For several days now, I?ve been in a running argument with an individual who goes by the name of ?On Lawn? over in the comments sections of the blog ran by anti-gay equality group National Organization for Marriage. In several comments here, here, and here, this person seems to imply that procreation, or at least the potential for procreation, is a requirement of marriage. I?ve tried several times to get this person to explain this concept but they keep brushing off the question calling it absurd. When I tried to point out that there is no link between marriage and procreation they came back with this.
Well, there shows the damage they want to do to the institution. If marriage can?t look equally at the interests of all involved in the practice of human mating, then you tell me what can.
Prehistoric humans didn?t marry before they mated, they just found a bush did it. When you look at the whole of human history, marriage is a relatively new creation, only being a few thousand years old. Our very existence proves that marriage is not a requirement or an essential element of the human mating process.
Why does it seem like fanaticism distorts a persons perception of reality?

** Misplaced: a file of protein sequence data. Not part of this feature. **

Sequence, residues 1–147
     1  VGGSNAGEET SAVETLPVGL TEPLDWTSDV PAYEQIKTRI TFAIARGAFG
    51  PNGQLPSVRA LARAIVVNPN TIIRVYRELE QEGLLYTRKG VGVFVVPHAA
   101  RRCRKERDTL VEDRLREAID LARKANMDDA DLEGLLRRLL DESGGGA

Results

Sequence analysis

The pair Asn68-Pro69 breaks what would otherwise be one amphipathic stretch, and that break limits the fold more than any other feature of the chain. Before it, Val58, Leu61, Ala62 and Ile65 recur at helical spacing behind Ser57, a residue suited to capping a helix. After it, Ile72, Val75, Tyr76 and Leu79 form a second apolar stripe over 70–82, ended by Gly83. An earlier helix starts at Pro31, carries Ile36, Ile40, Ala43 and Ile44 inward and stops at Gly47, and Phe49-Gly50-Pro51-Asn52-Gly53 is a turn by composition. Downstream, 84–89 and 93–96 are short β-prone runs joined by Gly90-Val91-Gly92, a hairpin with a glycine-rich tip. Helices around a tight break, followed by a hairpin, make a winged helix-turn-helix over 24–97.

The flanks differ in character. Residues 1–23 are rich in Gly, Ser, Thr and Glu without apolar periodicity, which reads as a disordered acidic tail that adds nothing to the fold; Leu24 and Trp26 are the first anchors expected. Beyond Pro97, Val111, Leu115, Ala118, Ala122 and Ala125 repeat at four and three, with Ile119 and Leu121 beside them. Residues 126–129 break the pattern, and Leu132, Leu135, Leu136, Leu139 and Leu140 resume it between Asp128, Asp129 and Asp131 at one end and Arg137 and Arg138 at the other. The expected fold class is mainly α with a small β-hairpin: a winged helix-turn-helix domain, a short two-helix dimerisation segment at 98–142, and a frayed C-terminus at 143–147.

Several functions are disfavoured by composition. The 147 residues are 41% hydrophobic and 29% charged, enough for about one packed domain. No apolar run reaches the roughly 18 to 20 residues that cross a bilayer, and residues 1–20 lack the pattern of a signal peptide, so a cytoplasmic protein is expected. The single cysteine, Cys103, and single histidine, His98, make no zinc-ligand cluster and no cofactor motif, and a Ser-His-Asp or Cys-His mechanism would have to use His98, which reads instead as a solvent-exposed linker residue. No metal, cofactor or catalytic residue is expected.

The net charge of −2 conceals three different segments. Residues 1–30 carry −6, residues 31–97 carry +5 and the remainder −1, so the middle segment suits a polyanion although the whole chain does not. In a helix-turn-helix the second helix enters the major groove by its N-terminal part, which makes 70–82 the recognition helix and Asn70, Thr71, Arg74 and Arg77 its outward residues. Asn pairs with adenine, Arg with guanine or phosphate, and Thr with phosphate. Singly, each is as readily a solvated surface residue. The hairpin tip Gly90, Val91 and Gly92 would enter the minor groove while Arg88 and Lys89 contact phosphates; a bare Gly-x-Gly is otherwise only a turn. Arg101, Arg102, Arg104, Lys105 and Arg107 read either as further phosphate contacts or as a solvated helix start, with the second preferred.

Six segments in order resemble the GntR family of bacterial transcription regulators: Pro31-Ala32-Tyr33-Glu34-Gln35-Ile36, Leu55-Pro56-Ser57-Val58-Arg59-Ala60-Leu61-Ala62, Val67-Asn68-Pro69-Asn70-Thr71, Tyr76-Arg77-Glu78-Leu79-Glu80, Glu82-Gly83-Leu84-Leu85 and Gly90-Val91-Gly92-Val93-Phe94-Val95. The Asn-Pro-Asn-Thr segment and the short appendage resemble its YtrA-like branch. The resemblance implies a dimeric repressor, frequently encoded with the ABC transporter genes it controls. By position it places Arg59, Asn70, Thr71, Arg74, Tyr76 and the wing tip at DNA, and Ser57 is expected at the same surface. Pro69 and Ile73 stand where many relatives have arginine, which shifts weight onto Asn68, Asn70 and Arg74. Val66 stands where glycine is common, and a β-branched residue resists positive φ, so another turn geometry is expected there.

Friday, The Pajama Pundit made a post on his blog that was mainly pointing out a post written by TheAmericanBoy. At some point in the day, members of the Team Sarah site, began inundating PJ?s post with comments, many of them fairly unfriendly.
The first mistake that many of the commenters made was not realizing that PJ had merely quoted a post from another blog. They attacked the post as if the posted words were PJ?s and not TheAmericanBoy. Several of the posts look like they are copied and pasted from a list of talking points.
Ever since the 2000 election there has been a slow building movement towards doing away with or changing the way the Electoral College system works. Maryland was the first state to do this in April 2007, although their law was conditional on other states passing similar laws. This is referred to as the National Popular Vote Interstate Compact. Since then, Illinois, Hawaii, and New Jersey have also joined the compact. It now looks like Iowa may be following in this trend.
I understand the frustrations that came out of the close race of 2000. Had the compact been in place at that time Al Gore would have been our 43rd President. But doing away with the electoral college system in this way bothers me. Allowing the race for president to hinge solely on popular votes means that smaller states will have little to no say in the elections. States like California, New York, and Florida will always decide the outcome. The electoral college creates sense of equality among the states and I don?t like the idea of loosing that.